The prevalence and dynamics of elder abuse

The available evidence suggests that prevalence varies across abuse types, with psychological and financial abuse being the most common types of abuse reported, although one study suggests that neglect could be as high as 20% among women in the older age group (Australian Longitudinal Study on Women's Health [ALSWH], 2014). Older women are significantly more likely to be victims than older men, and most abuse is intergenerational (i.e., involving abuse of parents by adult children), with sons being perpetrators to a greater extent than daughters. For some women, the experience in older age of family violence, including sexual assault, represents the continuation of a lifelong pattern of spousal abuse (Cramer & Brady, 2013; Mann, Horsley, Barrett, & Tinney, 2014; United Nations Department of Economic and Social Affairs [UNDESA], 2013). Evidence on elder abuse occurring outside of a familial context (e.g., in care settings) is particularly sparse.

At the international level, the World Health Organization ([WHO], 2015) recently reported that estimated prevalence rates of elder abuse in high- or middle-income countries ranged from 2% to 14%, with the following prevalence rates for the most common types of elder abuse:

  • physical abuse (0–5%);
  • sexual abuse (0–1%);
  • psychological abuse, above a threshold for frequency or severity (1–6%);
  • financial abuse (1–9%); and
  • neglect (0–6%).

These prevalence estimates are based on data sources involving elderly people living in private and community settings and do not include those in institutional care or those with a cognitive impairment. These two latter limitations are characteristic of most prevalence studies, which therefore only reflect a partial view of the extent of elder abuse.

Australian studies

In Australia, there are two population-based studies that have yielded some insights into the extent to which older women experience violence, but there are limitations in the measures used and the extent to which they assess concepts relevant to elder abuse. One is a recently published, detailed analysis of data from the Personal Safety Survey (ABS, 2012a) by Australia's National Research Organisation for Women's Safety (ANROWS) (Cox, 2015).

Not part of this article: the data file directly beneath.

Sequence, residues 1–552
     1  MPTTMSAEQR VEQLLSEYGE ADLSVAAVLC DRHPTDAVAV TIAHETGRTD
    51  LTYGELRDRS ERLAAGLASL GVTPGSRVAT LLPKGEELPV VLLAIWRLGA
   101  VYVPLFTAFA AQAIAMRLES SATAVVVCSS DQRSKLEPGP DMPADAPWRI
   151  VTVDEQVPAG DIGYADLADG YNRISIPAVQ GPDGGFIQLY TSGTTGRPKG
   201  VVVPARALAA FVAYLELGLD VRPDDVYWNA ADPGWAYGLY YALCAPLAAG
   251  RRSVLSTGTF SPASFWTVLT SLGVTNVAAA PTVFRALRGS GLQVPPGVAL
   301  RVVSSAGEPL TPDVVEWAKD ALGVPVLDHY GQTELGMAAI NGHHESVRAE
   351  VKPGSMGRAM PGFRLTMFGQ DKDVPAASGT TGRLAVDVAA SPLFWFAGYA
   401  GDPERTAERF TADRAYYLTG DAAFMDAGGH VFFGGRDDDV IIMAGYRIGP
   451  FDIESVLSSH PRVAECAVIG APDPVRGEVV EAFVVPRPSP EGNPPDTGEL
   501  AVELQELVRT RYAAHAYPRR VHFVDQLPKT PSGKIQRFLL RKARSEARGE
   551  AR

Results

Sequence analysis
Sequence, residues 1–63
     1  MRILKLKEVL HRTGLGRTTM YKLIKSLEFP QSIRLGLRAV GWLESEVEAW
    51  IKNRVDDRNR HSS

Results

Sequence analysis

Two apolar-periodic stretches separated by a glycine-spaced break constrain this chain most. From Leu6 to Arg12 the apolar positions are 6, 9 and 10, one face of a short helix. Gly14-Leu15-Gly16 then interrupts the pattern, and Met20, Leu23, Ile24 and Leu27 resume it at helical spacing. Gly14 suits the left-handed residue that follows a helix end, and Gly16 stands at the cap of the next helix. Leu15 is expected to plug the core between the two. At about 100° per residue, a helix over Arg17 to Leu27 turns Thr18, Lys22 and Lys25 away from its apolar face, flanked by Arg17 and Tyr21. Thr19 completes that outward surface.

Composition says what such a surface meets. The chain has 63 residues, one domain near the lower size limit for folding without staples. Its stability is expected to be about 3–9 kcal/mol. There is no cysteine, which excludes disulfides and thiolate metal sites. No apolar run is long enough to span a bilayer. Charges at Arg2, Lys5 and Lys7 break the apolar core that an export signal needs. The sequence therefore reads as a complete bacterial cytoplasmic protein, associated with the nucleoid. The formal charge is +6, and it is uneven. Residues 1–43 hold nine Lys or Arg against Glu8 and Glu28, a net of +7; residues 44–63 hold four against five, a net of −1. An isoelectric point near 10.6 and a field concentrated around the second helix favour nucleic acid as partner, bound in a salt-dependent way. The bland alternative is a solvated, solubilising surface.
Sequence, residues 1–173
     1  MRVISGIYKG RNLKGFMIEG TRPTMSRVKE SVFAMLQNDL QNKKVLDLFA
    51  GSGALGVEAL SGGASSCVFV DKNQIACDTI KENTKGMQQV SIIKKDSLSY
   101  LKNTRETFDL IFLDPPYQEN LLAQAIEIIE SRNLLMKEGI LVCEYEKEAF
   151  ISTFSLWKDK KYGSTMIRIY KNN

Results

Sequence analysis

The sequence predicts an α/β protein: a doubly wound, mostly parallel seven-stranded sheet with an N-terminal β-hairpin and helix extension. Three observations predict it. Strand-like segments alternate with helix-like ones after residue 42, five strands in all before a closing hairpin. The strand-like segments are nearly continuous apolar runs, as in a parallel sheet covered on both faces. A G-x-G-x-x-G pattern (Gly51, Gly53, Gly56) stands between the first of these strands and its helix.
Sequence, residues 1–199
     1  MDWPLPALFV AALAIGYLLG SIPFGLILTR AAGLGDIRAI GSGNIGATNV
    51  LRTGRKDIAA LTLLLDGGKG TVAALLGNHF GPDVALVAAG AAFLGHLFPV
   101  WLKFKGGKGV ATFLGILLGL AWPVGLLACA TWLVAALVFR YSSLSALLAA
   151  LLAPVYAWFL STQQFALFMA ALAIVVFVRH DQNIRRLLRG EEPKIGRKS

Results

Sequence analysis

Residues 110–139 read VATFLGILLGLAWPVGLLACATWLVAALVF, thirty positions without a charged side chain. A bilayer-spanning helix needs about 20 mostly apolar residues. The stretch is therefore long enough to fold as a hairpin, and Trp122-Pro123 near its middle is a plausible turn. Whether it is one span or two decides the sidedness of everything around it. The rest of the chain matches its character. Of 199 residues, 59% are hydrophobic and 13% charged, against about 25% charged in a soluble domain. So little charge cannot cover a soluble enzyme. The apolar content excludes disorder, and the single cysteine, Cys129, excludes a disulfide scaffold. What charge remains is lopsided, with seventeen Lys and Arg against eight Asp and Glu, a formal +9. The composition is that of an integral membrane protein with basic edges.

The age range for "older women" in the Personal Safety Survey was 55 plus, and the analysis was framed to assess violence against women, focusing on sexual assault by any perpetrator, and partner violence involving physical assault, physical threat, sexual assault and sexual threat by a cohabiting or intimate partner. In relation to cohabiting partner violence, 0.4% of women aged 55 and older reported this experience in the preceding 12 months (c. 12,800 women), compared with 3% of 25–34 year old women, the age group where this form of violence is most common. In relation to sexual assault, 0.2% of the sample aged 55 plus (c. 7,000 women) reported experiencing sexual assault in the preceding 12 months, against a national average rate across all age groups of 1%.

The other population-based study to yield approximations of prevalence of elder abuse (for women only) is the Australian Longitudinal Study of Women's Health (2014), which has measures relevant to vulnerability, coercion, dependence and dejection. This study is based on a random sample of women using a sampling frame from Medicare, with the oldest cohort (n = 5,561) being born between 1921 and 1926. When this cohort was surveyed in 2011 (at age 85–90), the findings suggested that 8% had experienced vulnerability to abuse, with name calling and put-downs being the most common forms. A similar level of prevalence was evident for this cohort in a preceding wave, conducted in 2008 (age 82–87), and slightly lower prevalence levels were found at younger ages (70–81 years). Measures the researchers used to assess neglect indicate a relatively stable prevalence rate of about 20% across waves, from ages 70–75 and 85–90 years.